2016 Gardens in Review, Part 2

When I was thinking about the past garden year, I was mainly thinking about my vegetable garden. Who knew that I would have so much to say about perennials? But I did have a lot to say, enough to make have an entire post on my perennial gardens. Now, I’ll focus on my vegetable garden.

This year I took the the Master Gardener class and went to a season extension workshop at the North Farm, both of which really motivated me to spend more time gardening this year. It also motivated me to spend more time planning, which I didn’t anticipate but I do appreciate because it allowed me to use my garden space much better than I ever have before. I’ve always been one to push the boundaries of our short growing season by planting lettuce as soon as the snow melts, but I now have a better foundation for understanding how to really get more out of my garden.

My new view on gardening is this: there is not a single garden season. Rather, being a gardener is perhaps like being a professional athlete. Really!—hear me out on this. There is not a single garden season that lasts from May to September, with the rest of the year being dormant for both garden and gardener. Nope, the gardener’s season is like that of the professional athlete. There is a pre-season intended for getting ready; it involves new gear, sore muscles, and even a few pre-season games in the form of early-season greens. The regular season is what always comes to mind: the weekly routine of planting, weeding, and watering where the big stars like tomatoes and peppers get all the press. During the post-season, you reap what you sowed earlier the year; if you didn’t perform well in the earlier seasons, its too late now. And while people don’t talk about the off-season, it’s a critical time for taking some time to relax and recover while also building the foundation for the next year. Continue reading “2016 Gardens in Review, Part 2”

2016 Gardens in Review, Part 1

Last week I was feeling pretty unmotivated in the evenings and watched a lot more TV than normal. The weather was generally okay, in that cool, damp, mid-fall kind of way. Part of me wanted to go outside, but a bigger part of me was lazy and couldn’t think of anything to do outside, so I stayed in.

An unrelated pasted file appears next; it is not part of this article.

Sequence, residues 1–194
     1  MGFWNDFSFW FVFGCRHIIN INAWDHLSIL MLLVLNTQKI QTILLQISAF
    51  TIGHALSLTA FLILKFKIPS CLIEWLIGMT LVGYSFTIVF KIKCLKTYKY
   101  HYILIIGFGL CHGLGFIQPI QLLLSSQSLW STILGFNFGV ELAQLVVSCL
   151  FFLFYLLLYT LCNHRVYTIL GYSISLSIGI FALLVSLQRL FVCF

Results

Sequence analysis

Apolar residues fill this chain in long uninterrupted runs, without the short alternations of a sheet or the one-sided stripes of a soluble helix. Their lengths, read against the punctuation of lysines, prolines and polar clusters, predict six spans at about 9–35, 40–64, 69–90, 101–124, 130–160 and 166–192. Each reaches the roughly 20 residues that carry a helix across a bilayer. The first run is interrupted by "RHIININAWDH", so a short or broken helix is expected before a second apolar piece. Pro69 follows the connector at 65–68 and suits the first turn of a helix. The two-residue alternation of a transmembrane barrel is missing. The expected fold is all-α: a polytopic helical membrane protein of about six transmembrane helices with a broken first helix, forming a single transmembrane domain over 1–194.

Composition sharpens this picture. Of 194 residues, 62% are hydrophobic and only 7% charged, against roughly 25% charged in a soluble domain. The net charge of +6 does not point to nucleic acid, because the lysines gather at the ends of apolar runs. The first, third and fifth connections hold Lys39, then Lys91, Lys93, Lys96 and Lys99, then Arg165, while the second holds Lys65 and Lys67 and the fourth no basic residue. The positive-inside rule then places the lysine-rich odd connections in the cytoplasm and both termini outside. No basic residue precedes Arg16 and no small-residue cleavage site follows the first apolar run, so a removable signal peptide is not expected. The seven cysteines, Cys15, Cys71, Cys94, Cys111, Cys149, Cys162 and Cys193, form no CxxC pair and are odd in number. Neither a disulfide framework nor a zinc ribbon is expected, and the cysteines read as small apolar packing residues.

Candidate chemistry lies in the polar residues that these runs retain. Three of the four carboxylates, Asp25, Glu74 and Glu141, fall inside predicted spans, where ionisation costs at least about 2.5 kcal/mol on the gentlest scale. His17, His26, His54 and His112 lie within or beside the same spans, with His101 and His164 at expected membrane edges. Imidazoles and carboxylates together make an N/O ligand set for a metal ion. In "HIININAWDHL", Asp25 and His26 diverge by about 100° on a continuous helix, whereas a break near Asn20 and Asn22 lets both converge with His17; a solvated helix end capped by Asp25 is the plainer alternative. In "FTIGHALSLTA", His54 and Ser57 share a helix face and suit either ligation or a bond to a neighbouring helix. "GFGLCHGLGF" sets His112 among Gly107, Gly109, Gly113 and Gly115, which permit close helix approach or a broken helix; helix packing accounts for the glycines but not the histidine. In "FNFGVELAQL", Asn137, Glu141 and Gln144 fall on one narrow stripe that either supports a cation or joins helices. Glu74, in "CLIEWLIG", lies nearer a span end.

Upon reflection, I realized what the problem was: the gardening season is practically over. I didn’t know what to do with myself since cool weather, short nights, and dying plants were making it difficult to garden in the evenings. And that was bumming me out.

The garden season isn’t quite over yet. Amazingly enough, we still haven’t had our real first frost—last year it came late around October 18 and this year it will be even later. Plus, there are still a handful of chores that I can focus on before the snow flies: weeding grasses, fixing the garden door, amending soils, and maybe experimenting with planting seeds in winter. I still have a friend’s tiller that I borrowed earlier this year (in April!) and haven’t returned, so there’s also the opportunity to create more garden spaces too.

A bee enjoying comfrey.
A bee enjoying comfrey.

Perennial Fruits

One of my garden goals for 2016 was to establish more perennial fruits—raspberries, blueberries, and strawberries—and so I spent a lot of time working on this early in the season. Continue reading “2016 Gardens in Review, Part 1”

Weekend Warrior in the Keweenaw

We stayed pretty close to home this summer on account Sexy’s broken ankle (better now!) and getting our very own camp.  We’ve also been especially busy at work the past few weeks. Because we haven’t had a lot of time to play, we decided to head to the Keweenaw for the weekend for a series of small adventures.

We started out by visiting an undisclosed location so that Sexy could see how suitable an area would be for deer hunting, which involved about 3 miles of walking on Saturday morning. It was a gorgeous fall day with bright colors.


From there, we went up to Copper Harbor and I raced the first day of the Keweenaw Cup—a two-day cyclocross race that’s part of the Upper Peninsula series. I started off way to hard and burned myself out early in the race. I wasn’t even sure if I would be able to finish because I was feeling really sick. Once I started feeling a little better, I fell on a tight corner. I scratched up my knee, and I had to fix my chain, which had fallen off my bike. Later, I realized that my front wheel was loose (probably from the fall) and had to stop and fix that. And then later in the race I had to do it again. But I did finish! Continue reading “Weekend Warrior in the Keweenaw”

Two Rules to Dress for Cold-Weather Running

When it gets cold, I forget how to get dressed.

As fall transitions to winter and the temperatures start to drop below freezing, I respond by piling on more and more layers (and eating more and more cookies, although that’s not the point here…). This sounds warm and cozy, but it’s problematic when I go for a run. Just the other day, which was beautiful and sunny, I looked at the snow on the ground (just 2 or 3 inches), the temperature below freezing, and the slight wind and decided to pile on the layers so that I could stay warm during an easy run. Well, I’d severely overdressed. Not much more than a half mile in, I was unzipping my light jacket, and ditching my gloves. At the first mile mark, I had to ditch my hat and tie the jacket around my waist.

This situation reminded me of two great rules for dressing for cold weather running that (when I follow them) work like a charm: Continue reading “Two Rules to Dress for Cold-Weather Running”